Groomer epidemic: At least 135 school employees charged with child sex crimes in 2022

by WorldTribune Staff / 247 Real News May 20, 2022

At least 135 U.S. teachers, teachers’ aides, and other school employees have been arrested and charged with various child sex crimes this year, a report said.

The arrests have taken place across 41 states between Jan. 1 and May 13, according to a Fox News report. Most of the suspects are men. At least 102 of the charges involved crimes against students. Of the 135 suspects, 117 were teachers, 11 were aides, and 7 were substitute teachers.

The number of arrests may be even higher, Fox News noted, as the total of 135 does not account for arrests that haven’t been publicized.

Christopher Rufo, a senior fellow at the Manhattan Institute and an expert on far-left indoctrination in education such as Critical Race Theory, said that “the public school system has a serious child sex abuse problem.”

Rufo pointed out that there has not been a major federal investigation or study on child sex abuse by educators since 2004.

“This is a travesty,” Rufo added. “Parents deserve to know exactly what’s happening in the public school system and deserve to have tools for protecting their children from abuse. Congress should immediately fund a $25 million research program into child sexual abuse in public schools and provide complete transparency for parents. The first duty of public schools is to keep kids safe — and, tragically, that’s not happening in far too many cases.”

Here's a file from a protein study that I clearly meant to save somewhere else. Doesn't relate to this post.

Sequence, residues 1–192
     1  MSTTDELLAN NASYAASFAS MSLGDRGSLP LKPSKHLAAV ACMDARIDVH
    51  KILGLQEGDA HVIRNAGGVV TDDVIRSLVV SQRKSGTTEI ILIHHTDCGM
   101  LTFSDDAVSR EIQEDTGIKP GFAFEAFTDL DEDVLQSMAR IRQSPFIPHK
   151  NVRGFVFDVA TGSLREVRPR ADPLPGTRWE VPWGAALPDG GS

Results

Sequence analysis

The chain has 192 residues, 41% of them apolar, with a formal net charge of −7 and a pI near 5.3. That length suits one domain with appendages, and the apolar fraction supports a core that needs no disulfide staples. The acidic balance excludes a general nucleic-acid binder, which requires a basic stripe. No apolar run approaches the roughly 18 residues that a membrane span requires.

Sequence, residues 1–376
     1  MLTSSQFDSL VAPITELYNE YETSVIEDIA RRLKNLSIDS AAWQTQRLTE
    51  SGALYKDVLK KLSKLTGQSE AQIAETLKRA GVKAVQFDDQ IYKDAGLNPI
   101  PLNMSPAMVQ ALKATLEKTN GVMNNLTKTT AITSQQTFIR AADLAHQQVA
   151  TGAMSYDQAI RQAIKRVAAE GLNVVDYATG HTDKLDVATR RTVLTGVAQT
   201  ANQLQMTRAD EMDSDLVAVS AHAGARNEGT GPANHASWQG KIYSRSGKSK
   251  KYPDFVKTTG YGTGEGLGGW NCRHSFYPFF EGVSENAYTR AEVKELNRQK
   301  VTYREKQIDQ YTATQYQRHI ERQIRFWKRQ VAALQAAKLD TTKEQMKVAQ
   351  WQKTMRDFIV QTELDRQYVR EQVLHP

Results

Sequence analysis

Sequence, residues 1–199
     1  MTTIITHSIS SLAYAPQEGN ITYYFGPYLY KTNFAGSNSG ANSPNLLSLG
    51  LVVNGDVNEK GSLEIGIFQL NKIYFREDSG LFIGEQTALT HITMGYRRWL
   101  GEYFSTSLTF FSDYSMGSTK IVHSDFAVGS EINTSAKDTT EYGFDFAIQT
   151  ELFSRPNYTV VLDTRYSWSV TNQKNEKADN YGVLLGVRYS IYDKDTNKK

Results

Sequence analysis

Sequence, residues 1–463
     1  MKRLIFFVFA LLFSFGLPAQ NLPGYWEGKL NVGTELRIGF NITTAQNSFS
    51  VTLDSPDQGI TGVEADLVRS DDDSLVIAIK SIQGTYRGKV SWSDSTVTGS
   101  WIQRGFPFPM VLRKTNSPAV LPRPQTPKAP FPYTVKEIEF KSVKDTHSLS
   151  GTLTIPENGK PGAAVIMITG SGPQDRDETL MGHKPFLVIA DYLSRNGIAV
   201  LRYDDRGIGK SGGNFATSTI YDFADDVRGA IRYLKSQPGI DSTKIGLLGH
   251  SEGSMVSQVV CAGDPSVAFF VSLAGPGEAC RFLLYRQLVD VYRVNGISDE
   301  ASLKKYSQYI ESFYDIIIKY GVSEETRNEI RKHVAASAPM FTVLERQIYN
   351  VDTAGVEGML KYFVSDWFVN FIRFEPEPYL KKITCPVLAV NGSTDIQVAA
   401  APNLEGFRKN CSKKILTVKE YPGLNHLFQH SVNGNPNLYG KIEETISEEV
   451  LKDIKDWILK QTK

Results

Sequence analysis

Erika Sanzi, Director of Outreach for the education watchdog group Parents Defending Education, said that “educator sexual abuse is a major problem that largely gets ignored because it’s so uncomfortable to talk about. While a very small fraction of educators and school employees prey on the children in their care, one bad actor can do damage to many students.”

“We need to get much more honest about the problem, study it again and ensure that we have policies and laws in place that protect children,” Sanzi continued. “It is currently legal in Massachusetts and Rhode Island for teachers and other adults in positions of authority to have sexual relationships with students once they turn 14.”

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